“Policymakers may look at these results and say, ‘We like the trade-off,’ because they perceive that the benefits outweigh the costs.”
If the regulation worked as hoped, commercial real-estate loans subject to Dodd-Frank would improve in quality post-Dodd-Frank, compared to those exempt from the risk-related regulation.
The research data included 1,145 commercial-mortgage-backed securities deals completed between early 2014 and early 2018, which represented over 62,000 mortgage loans. Furfine measured two variables related to the riskiness of these loans: the amount borrowed compared to the estimated value of the property, which is called the loan-to-value ratio (LTV); and the debt-service-coverage ratio, which is how much cashflow the property is expected to generate (such as through tenants’ rent payments) versus the mortgage payment due to the lender each month. A higher LTV is associated with greater risk, as is a lower debt-service-coverage ratio.
Greater Skin in the Game, Lower Risk
The results showed that implementation of Dodd-Frank resulted in less risky commercial mortgage loans overall.
“Loans subject to the risk-retention rules had LTV ratios that were 3.6 percentage points lower and debt-service-coverage ratios 0.26 higher than loans exempt from the rules,” Furfine says. “That’s consistent with the policymakers’ objective of reducing risk.”
Beyond these overt measures of risk, the post-Dodd-Frank loans were also safer in subtler, harder-to-measure ways. For example, a factor that contributed to the financial crisis was that some mortgage-backed securities included loans that seemed safer on paper than they actually were.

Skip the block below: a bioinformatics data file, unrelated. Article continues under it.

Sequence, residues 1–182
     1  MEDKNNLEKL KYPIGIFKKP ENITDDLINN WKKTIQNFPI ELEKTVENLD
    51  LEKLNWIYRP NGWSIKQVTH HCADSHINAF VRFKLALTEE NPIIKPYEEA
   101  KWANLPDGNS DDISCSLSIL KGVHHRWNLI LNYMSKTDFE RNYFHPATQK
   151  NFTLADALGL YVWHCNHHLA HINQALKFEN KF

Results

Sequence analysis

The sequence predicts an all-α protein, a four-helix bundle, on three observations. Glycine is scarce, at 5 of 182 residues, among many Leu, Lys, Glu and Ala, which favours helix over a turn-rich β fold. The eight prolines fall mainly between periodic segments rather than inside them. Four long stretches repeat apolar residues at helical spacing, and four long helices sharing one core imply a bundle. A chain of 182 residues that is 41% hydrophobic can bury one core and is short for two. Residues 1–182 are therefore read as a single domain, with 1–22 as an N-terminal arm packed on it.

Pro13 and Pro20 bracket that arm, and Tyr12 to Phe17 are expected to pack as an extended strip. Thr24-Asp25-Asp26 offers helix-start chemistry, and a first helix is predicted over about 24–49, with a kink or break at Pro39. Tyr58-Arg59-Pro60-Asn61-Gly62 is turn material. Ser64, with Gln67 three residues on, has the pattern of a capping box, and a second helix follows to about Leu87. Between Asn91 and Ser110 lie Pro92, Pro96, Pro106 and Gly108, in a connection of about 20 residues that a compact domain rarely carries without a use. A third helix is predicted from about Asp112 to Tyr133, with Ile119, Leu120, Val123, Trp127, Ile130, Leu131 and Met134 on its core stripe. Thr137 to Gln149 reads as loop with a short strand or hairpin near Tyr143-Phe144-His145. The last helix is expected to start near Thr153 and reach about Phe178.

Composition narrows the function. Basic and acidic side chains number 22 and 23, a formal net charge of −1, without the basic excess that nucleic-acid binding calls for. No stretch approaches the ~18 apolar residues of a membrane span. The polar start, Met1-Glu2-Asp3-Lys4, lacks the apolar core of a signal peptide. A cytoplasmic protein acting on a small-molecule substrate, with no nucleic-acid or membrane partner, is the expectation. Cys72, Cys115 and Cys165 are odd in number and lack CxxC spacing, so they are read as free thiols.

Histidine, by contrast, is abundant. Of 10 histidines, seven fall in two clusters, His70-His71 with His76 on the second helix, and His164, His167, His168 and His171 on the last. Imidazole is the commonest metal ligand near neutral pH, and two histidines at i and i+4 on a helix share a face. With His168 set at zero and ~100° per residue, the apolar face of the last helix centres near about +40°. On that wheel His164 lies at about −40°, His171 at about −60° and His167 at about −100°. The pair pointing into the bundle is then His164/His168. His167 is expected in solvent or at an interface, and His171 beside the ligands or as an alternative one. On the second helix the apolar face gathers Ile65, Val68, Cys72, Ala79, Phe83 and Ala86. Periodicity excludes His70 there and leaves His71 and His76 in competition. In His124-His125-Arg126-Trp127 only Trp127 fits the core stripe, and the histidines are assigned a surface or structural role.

Furfine provides an example: “The original lender might know that a loan’s debt-service-coverage ratio looks good now but will actually drop because a major tenant will be exiting the property. Such information may have been difficult to communicate clearly to bond investors.”
To get at this less observable dimension of quality, Furfine ran a broad analysis on loan performance over time to see if commercial mortgage loans were “performing” as hoped—that is, being paid back on time. Here again, loans that were subject to risk retention were more likely to be performing better than those exempt from the Dodd-Frank rules.
But there’s a catch: mortgage loans affected by Dodd-Frank, while less risky, were also more expensive, requiring borrowers to pay 47 basis points, or 0.47 percentage points, more in interest than for unaffected loans.
“That’s counterintuitive,” Furfine says. “If a loan is safer for the lender, then you should be able to get it at a lower interest rate, based on economics. But what’s happening is that it’s getting more expensive for the lender to make that loan, and that makes it more expensive for the borrower.”
This expense is because lenders in the post-Dodd-Frank era may face greater explicit costs, such as having to hire more attorneys and consultants to make sure they’re in compliance with the increased regulations. They may also face the higher implicit costs of being required to retain at least some of the risk related to mortgage-backed securities.
“It used to be that they could just sell all the loans,” Furfine says. “But now they have less flexibility and they see that as a cost.” The research suggests that at least some of this cost gets passed along to borrowers.
A Fair Trade-off
While borrowers appear to have gotten the short end of the lending stick here, it may be for the greater good.
“It’s true that borrowers get less friendly loan terms,” Furfine says. “But this may be preferable because we’ve reduced the probability of some future financial crisis that could hurt everyone in the system.”
“Regulation is costly,” Furfine adds. “So the important question is: What are the benefits? Here, the benefit is that loans are safer. Policymakers may look at these results and say, ‘We like the trade-off,’ because they perceive that the benefits outweigh the costs.”